National Album Review: Girl on Fire by Alicia Keys

Posted on December 03, 2012 in Album Reviews, Arts & Culture
By Sam Hill

Sam Hill | The Free Press

Alicia Keys has gone through a lot of personal changes in recent years, and claims that Girl on Fire has been marketed as a heart-wrenching autobiographical album. While it might seem leaps and bounds more personal for Keys, and she has certainly matured lyrically, but the music throughout her fifth studio album remains the same. Her life may have changed, but this new album is not as revolutionary as claimed. It’s quality, but nothing new.

With her mastery of the piano and versatile vocals, she delivers her typical tracks that fans have come to love, mixing old-school soul vibes with a new-school rhythm. Pouring out her heart on to every track, Keys has always put artistry before commercial goals and label agendas. Since her release of The Element of Freedom in 2009, Keys has married rapper-producer Swizz Beatz and given birth to her now 2-year-old son, Egypt. The stability in her personal life is reflected in the music, as Keys sounds more at ease and more soulful than she ever has.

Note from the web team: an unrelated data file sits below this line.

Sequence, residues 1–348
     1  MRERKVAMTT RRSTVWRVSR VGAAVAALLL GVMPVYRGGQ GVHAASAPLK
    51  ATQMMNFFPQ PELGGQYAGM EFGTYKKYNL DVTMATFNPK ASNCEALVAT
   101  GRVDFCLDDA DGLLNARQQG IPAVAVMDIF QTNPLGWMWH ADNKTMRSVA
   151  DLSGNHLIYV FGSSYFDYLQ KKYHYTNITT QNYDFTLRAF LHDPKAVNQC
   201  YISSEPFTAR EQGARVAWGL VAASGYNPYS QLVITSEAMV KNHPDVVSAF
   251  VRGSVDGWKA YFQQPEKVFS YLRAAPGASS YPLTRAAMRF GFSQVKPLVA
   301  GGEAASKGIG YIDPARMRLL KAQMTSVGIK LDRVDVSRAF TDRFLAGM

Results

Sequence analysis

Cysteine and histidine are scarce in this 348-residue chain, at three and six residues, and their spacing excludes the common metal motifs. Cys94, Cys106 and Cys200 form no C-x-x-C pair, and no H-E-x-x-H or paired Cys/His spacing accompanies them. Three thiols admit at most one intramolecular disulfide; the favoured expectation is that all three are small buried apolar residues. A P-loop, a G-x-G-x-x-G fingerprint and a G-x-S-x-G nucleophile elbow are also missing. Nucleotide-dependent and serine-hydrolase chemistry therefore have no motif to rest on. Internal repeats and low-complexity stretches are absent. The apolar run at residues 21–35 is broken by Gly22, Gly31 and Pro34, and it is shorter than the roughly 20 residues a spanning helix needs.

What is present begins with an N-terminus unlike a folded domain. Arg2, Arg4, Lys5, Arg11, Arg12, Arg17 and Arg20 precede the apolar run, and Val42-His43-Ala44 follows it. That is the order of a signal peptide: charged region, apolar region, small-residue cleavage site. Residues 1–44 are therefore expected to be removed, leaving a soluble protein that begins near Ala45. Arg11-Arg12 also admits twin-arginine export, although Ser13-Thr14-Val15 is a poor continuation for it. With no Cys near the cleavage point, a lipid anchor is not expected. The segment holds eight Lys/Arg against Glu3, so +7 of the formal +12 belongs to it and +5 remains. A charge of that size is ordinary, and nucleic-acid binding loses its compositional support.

That said, Girl on Fire is just more of the same and Keys’ maturation over the past few years has not lead to drastic changes in her music as she claims. Self-empowerment and re-birth of self are themes weaved throughout the album, but it’s done in such a mainstream way that is unlike Keys. The generic titles of her songs could be used as buzz words for self-help books or group therapy: “Brand New Me,” “New Day,” and “Listen to Your Heart.” Keys aims for re-invention, but doesn’t go far enough. The album, as a whole, stops just short of being effective.

Keys does turn in a different direction in one sense, bringing a collection of collaborators on to the album. Odd Future’s Frank Ocean, Bruno Mars and outgoing U.K. star Emeli Sande are featured on the album, offering rock-solid vocal performances that complement Keys. Rap queen Nicki Minaj is even featured on the title track, adding a hard-hitting presence that you usually would never find on an album from Keys. These additions to the album are great for this regularly independent and hopefully Keys continues to open up to outside influence in the future.

Keys is an unforgettable performer, but she has the tendency to release forgettable albums. It’s hard to say right now how Girl on Fire will be received and go down in the books. Only time will tell. If you can, try to find a show and see her perform live, as recorded tracks will never do her justice.